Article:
which has some five or six shallow steps sloping down gracefully to the ground. 

I then did a short trip down to F4, now taken over by the MRF for its Cricket coaching activities. The short trip from the gate of F4 to the Ravi Mammen Memorial Swsimming Pool (which I really wanted to see for Ravi's sake - he had been a class-mate of mine after all, with whom I have played inter-section cricket matches) was paved with one of those artsy tiles of irregular shape, which necessitate a wheelchair's negotiating ups and downs where a wheel could get snagged.

When it was time to get back to where we had started, we had the good fortune of running into the interior decorator overseeing the renovation work going on at the auditorium as part of a much larger civil work that has apparently been entrusted to the architects Pithavadian and Partners. When we spoke to him, he agreed that this was the best time to make any suggestions that were deemed necessary, since incorporating some of these features at the construction stage were obviously preferable to doing expensive retro-fitting at a later stage, post construction. The first thing that the concept of an auditorium triggered in me was whether there would be a ramp to make the dais accessible. My fears were well-founded; I found that this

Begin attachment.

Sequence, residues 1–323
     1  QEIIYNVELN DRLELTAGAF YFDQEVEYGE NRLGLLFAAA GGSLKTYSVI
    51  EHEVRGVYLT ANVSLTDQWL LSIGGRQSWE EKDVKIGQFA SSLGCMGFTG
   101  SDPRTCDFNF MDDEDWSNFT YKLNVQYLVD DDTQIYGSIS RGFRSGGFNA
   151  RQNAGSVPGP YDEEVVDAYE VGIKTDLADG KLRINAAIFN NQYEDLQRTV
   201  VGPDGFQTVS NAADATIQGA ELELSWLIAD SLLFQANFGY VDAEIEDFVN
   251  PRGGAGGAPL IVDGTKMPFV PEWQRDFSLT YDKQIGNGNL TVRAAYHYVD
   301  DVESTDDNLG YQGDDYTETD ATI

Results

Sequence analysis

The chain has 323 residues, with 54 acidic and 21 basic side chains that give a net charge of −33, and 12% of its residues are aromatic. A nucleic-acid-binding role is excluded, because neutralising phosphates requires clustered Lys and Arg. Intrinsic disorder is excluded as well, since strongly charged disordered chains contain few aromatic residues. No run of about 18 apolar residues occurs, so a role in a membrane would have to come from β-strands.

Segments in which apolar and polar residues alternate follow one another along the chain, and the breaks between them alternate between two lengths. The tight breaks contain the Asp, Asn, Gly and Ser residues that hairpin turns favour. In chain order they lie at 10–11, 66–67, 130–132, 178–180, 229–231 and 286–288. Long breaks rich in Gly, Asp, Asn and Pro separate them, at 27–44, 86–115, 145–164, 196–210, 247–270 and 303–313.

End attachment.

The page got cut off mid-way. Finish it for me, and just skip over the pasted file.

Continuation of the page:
was the way to the dais!

I would really welcome the opportunity to talk to the architect from P&P - whose contact details were kindly passed on to me via Anantha by Ms. Jacinth after the HM gave the green signal - to discuss many things, including:

  • many places which could do with some ramps; eg. 






  • the possibility of smoothing out rough edges so the terrain in many places need not look like this

 and be a nightmare for a wheelchair user;

  • his advice on where to squeeze in a (probably stand-alone external) elevator. Not just potential wheelchair users, even the older teachers whose knees protest against yet another ascent of two or three flights of stairs, would greatly benefit from such an addition to the school's infrastructure!